Starting with a look at the success Second Life has enjoyed within education, Virtual reality really is heading to a university near you more generically considers the role of VR in education, and the manner in which Sansar might be a part of an education revolution – not just in terms of providing immersive teaching environments, but in the ability for universities and colleges, etc., to potentially monetise their environments.
It’s an interesting line to take, but what is perhaps of greater interest, in terms of gaining further understanding as to why Linden Lab felt they needed to push ahead with Project Sansar, is in the vision for education presented through the piece. In this, Alice Bonasio doesn’t just examine the Lab’s hopes for Sansar, she frames them in terms of experiments conducted by Jeremy Bailenson, founding director of Stanford University’s Virtual Human Interaction Lab. These experiments demonstrated some very real benefits of using VR / augmented capabilities can bring to the basic tutor / student relationship, quite aside from all the deeply immersive potential offer by the technology.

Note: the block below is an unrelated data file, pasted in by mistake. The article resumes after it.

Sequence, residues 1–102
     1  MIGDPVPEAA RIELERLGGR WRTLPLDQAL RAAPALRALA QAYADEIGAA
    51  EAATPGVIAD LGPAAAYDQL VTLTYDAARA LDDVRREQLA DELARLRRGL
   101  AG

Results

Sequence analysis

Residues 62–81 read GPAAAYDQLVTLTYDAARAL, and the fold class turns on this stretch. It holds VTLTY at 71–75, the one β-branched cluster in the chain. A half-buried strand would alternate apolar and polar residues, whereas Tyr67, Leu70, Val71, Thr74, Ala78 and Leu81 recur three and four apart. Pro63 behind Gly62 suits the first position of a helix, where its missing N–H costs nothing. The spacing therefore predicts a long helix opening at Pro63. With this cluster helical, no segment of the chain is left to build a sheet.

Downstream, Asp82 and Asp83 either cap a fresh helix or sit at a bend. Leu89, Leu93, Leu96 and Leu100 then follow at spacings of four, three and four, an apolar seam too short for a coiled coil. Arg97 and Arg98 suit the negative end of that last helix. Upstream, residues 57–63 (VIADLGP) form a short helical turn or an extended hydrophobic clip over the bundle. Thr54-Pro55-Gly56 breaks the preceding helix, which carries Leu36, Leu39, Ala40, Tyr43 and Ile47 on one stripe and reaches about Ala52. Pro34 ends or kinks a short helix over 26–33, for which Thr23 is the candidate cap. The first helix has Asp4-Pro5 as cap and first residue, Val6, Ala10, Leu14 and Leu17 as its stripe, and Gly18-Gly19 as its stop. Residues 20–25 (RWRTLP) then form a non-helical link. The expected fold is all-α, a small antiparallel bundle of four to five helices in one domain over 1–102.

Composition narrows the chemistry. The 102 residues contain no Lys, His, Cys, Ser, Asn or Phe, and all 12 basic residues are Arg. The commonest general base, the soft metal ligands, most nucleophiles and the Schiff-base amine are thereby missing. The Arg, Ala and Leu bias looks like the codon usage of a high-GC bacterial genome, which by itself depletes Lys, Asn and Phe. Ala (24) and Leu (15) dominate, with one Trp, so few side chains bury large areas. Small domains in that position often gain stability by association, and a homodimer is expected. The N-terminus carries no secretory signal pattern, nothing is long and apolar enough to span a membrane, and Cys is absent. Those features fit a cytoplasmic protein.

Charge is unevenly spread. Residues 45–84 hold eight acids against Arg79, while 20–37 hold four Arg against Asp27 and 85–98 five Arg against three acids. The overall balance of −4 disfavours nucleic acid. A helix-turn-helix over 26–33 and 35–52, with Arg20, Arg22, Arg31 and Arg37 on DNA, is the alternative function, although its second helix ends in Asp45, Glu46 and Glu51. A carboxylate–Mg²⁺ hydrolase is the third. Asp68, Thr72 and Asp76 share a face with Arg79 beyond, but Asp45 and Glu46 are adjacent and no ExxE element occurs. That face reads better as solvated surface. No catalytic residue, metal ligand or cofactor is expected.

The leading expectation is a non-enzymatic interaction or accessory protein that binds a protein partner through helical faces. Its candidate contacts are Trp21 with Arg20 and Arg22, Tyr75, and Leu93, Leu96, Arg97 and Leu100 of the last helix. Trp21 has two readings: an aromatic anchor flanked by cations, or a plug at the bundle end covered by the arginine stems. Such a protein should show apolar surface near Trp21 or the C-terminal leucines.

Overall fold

Again, neither article offers anything specifically “new” in terms of how Sansar will look when the door opens or what the baseline capabilities will be when that happens in early 2017. However, they do both provide individual insights into the platform which make them both a worthwhile read, with Techcrunch’s Matney in particular ending with further food for thought, noting that while Sansar might not require a huge audience from the get-go, it does nevertheless need to succeed in its central aim of providing a platform for “social VR” – and that’s no easy thing, because “social VR” isn’t really an understood medium right now (we can only guess at what it might be like and – equally importantly – how people might react to it). But as he notes in closing:
The early beta shows great promise and while a wide release of its desktop and VR versions is still likely months away, it’s clear that Linden Lab understands the daunting magnitude of both Project Sansar’s challenges and its potential.